Looking at Abby, Millie saw so much of her daughter – from the way her eyes crinkled when she smiled to the way she tilted her head to the side, just a fraction, whenever she was trying to figure out if you were telling her the truth or not.
“Grandma?” Abby asked.
Millie pulled away from David and placed both her hands on the side of her granddaughter’s face, touching her lightly.
“You’re just like your mother,” Millie’s voice broke as Abby smiled.
“The secret, Millie. Tell her the secret.” David nudged her.
Millie nodded. “Right.” She looked around and breathed in deep.
“Your mother taught me was to walk through each market ready to discover it’s secret. She said you never knew who could be there, you never knew their past or their talents unless you took the time to thoroughly enjoy the experience.”
“You’re kidding me, right?” The look on Abby’s face was priceless. “That’s the secret? To take your time to enjoy the experience?”
Millie nodded. “Watch everyone else. Some are stopping to chat and look at things while others are just rushing through, merely glancing at things before they move on to the next booth. They’ll walk away thinking this market had nothing to offer and probably won’t come back, which is a shame.”
“Did you really think I’d do anything but enjoy this time?” Abby took another sip of her cocoa and walked over to the first booth. Millie waited to see her reaction.
“Just like her mother.” Millie said softly.
“Like you’re surprised.” David placed a kiss on her cheek. “Why don’t you go join her?”
“There you are.” Josh joined them, stopping her. His shoulders hunched as he stuffed his hands into pockets. “Sorry about that David. I didn’t mean talk so long.”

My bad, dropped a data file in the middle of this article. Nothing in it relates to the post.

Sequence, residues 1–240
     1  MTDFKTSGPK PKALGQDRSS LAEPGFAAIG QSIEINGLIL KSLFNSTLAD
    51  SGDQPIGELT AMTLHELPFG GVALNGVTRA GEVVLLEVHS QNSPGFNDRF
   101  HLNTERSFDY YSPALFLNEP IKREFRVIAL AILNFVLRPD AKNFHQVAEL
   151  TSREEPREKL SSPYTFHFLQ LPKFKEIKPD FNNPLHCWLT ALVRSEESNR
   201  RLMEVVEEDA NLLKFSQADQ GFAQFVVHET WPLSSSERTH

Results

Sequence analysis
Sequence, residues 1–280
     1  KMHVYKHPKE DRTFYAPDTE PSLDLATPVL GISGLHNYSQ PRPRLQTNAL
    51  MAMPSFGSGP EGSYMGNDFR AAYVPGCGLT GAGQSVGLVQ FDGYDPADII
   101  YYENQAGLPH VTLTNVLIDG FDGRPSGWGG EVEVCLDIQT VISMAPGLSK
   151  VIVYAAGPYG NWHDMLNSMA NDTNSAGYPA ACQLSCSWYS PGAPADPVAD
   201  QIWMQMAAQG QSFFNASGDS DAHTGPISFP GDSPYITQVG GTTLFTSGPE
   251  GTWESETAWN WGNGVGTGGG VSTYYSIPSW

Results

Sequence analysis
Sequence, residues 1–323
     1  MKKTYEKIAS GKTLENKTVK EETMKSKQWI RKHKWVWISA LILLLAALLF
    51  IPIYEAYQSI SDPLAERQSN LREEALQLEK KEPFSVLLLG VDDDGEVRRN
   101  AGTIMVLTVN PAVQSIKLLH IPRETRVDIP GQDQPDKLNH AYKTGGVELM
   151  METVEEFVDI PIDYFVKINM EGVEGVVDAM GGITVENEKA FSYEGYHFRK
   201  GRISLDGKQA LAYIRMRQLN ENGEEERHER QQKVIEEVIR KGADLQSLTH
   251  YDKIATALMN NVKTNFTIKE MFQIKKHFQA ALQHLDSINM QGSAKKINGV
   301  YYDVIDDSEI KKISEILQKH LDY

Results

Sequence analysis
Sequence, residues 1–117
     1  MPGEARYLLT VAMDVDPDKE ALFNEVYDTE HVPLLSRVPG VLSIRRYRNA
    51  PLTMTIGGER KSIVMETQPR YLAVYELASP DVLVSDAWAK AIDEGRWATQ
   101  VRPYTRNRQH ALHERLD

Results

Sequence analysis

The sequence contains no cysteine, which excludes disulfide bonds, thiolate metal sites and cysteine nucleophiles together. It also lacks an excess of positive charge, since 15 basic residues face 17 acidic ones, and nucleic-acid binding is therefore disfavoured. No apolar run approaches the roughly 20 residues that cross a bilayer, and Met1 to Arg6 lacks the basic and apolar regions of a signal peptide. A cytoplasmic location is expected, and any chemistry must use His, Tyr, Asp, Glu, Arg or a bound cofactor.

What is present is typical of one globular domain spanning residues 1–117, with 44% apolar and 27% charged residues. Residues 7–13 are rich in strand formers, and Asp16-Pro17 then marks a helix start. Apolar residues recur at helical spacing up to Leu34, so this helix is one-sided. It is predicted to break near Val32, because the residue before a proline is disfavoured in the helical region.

“Does that happen often? You getting cornered like that by your students?”
Josh shrugged. “From time to time. Where’s Abby?”
Millie pointed to the right.
Abby stood at the booth, phone in hand and was taking one photo after the other. She would pause and talk to the woman behind the booth of christmas ornaments before taking another photo.
Knowing her granddaughter, all these photos would soon be online and she’d be up late writing a blog about her night. She couldn’t wait to read it.
“Let me guess,” he said after watching her for a while, “you told her about Claire’s secret.”
Millie looked from her granddaughter to her son-in-law and then to her husband. Abby was off discovering, her husband was smiling and Josh seemed relaxed. Now was as good time as any.
“Guess it depends on which secret.” She said.
Josh sighed. “You’re kidding me right? Millie what have you done now?”
Millie chuckled. “Nothing yet, Josh. Don’t you worry.” Yet being the optimal word.
She’d wait until Abby got her test results back and if she was as fine as she claimed to be, then nothing would stop her from doing the one thing Claire had asked her to do with her granddaughter.

I shouldn’t have to add this but…please do not copy and use this to add to your own personal writing or within a book that you are working on. This is primarily meant for you enjoyment.